stop being so selfish - ask for help

My friend has this problem. She will do anything for anyone but
has trouble asking for help. This summer she started building her art
studio- we had spent years talking about it and dreaming together about
what it would look like, and even buying things at thrift stores that
were going to “be perfect for your studio someday”. So here it was
happening and she was doing it all herself, getting tendinitis from
hammering, etc – “I know you’re busy”and “I can do it myself” she would
say when I complained that she hadn’t called for help.


Finally she saw the light when I told her this story, which I heard from the phenomenal Jan Phillips:


Jan was in India in a small village where they were building a
school. They were making cement for the walls and to do this they had a
line of all the people from the village from the banks of the river up
to the building site. The person at the river would take a small
container, fill it with sand from the bank and then the container would
be passed from person to person up the line.


Jan was in the line helping, and as they worked under the hot sun
she noticed a small tractor and truck sitting idle not too far away.
Jan was getting very hot and uncomfortable, so she said to the woman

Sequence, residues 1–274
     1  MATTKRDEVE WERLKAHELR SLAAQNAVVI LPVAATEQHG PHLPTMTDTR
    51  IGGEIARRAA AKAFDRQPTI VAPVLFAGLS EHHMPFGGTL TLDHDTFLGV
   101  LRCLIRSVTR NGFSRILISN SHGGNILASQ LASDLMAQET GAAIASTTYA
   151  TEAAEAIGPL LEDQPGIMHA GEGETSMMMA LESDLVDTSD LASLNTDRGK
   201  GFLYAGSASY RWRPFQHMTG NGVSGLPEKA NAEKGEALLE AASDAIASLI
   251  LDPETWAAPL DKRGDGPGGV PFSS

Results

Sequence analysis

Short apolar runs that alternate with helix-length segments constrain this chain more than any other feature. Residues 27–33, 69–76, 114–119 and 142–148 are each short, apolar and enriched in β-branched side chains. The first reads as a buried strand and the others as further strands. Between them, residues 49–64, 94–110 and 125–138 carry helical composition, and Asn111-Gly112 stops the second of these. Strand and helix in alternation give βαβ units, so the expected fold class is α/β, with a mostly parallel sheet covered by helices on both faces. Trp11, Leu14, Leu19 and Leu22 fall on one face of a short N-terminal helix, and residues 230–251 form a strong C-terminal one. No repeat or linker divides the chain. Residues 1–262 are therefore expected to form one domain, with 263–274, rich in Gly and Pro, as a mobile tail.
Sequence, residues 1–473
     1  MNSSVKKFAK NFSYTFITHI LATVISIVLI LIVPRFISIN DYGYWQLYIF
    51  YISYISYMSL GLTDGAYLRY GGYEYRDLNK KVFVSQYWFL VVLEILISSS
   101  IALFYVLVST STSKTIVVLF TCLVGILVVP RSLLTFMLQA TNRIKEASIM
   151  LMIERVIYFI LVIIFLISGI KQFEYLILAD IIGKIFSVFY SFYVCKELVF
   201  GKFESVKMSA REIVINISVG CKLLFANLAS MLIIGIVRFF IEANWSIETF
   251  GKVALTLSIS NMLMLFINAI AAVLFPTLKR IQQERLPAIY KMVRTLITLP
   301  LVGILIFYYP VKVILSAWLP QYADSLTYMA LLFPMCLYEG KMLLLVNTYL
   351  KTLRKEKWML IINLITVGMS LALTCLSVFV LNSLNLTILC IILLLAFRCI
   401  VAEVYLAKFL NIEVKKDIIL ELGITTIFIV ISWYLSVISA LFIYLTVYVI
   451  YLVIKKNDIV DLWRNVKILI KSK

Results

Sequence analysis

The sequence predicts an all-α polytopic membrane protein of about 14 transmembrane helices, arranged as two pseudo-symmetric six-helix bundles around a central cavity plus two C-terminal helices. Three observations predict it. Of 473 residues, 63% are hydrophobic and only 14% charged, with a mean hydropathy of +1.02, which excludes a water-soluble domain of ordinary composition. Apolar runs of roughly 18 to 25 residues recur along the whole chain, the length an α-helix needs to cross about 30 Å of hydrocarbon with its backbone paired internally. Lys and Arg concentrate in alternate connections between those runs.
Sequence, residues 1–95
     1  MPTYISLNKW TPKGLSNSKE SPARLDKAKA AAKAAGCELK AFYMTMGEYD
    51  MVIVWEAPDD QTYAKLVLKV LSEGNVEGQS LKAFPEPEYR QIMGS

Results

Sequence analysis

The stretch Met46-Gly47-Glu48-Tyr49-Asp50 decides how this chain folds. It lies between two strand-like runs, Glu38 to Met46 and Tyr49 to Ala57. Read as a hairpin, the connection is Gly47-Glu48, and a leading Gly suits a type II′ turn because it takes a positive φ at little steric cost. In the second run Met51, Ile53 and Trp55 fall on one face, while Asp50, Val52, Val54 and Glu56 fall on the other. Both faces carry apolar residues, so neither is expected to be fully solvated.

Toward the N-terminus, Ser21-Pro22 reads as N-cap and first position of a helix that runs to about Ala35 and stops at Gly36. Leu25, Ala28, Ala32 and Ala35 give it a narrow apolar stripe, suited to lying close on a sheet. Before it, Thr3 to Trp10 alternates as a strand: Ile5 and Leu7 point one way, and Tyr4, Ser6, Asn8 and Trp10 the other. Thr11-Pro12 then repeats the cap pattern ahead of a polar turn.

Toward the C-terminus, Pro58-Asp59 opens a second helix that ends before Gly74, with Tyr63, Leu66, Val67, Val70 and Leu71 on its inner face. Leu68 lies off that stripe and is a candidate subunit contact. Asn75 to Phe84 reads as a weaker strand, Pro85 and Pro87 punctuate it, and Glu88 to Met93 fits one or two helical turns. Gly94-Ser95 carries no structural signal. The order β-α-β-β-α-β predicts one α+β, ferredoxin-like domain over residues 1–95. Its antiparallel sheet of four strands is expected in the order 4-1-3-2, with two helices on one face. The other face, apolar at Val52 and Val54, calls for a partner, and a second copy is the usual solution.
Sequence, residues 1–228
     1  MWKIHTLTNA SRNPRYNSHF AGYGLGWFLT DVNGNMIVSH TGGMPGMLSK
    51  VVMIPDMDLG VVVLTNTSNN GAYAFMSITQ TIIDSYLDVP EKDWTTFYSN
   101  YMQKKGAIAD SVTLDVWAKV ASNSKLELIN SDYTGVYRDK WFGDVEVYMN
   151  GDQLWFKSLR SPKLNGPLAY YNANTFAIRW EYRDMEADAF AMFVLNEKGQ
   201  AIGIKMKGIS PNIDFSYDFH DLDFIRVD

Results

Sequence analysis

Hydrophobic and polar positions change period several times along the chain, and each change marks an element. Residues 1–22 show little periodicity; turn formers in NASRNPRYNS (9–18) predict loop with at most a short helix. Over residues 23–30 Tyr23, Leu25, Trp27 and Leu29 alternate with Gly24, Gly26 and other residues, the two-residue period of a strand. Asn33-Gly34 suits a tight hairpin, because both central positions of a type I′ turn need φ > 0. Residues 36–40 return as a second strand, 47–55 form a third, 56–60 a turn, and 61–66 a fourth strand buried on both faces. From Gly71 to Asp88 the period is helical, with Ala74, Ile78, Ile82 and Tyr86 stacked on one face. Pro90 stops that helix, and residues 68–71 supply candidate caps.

next to her, “This is crazy, why don’t we just go get that tractor and
use it to fill up the truck with sand and the drive it up there? It’ll
be so much easier and faster instead of all of us baking in the sun
here.”


The woman looked at her compassionately and said, “You don’t understand, every
person in this line wants to be here. When this school is done they
want to be able to walk by and say- I helped build that. And they want
to tell their children and grandchildren about the day they helped
build the school. If we use the tractor and trailer, we will be robbing
them of that joy.”


So think of it this way, think of how much we all like to
help others. How good we feel to be of service. So when we want to dismiss the idea of asking for help, maybe we ought to question whether it is our right to rob others of
that joy.